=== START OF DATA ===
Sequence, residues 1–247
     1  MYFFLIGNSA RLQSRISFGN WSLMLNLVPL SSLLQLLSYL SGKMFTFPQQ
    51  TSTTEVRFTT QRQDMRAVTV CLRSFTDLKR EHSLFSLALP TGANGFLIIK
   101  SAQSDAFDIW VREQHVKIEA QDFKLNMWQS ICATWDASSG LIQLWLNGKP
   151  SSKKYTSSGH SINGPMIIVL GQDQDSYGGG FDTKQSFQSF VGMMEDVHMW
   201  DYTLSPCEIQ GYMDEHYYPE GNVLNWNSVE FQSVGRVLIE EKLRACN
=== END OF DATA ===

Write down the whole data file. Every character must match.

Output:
Sequence, residues 1–247
     1  MYFFLIGNSA RLQSRISFGN WSLMLNLVPL SSLLQLLSYL SGKMFTFPQQ
    51  TSTTEVRFTT QRQDMRAVTV CLRSFTDLKR EHSLFSLALP TGANGFLIIK
   101  SAQSDAFDIW VREQHVKIEA QDFKLNMWQS ICATWDASSG LIQLWLNGKP
   151  SSKKYTSSGH SINGPMIIVL GQDQDSYGGG FDTKQSFQSF VGMMEDVHMW
   201  DYTLSPCEIQ GYMDEHYYPE GNVLNWNSVE FQSVGRVLIE EKLRACN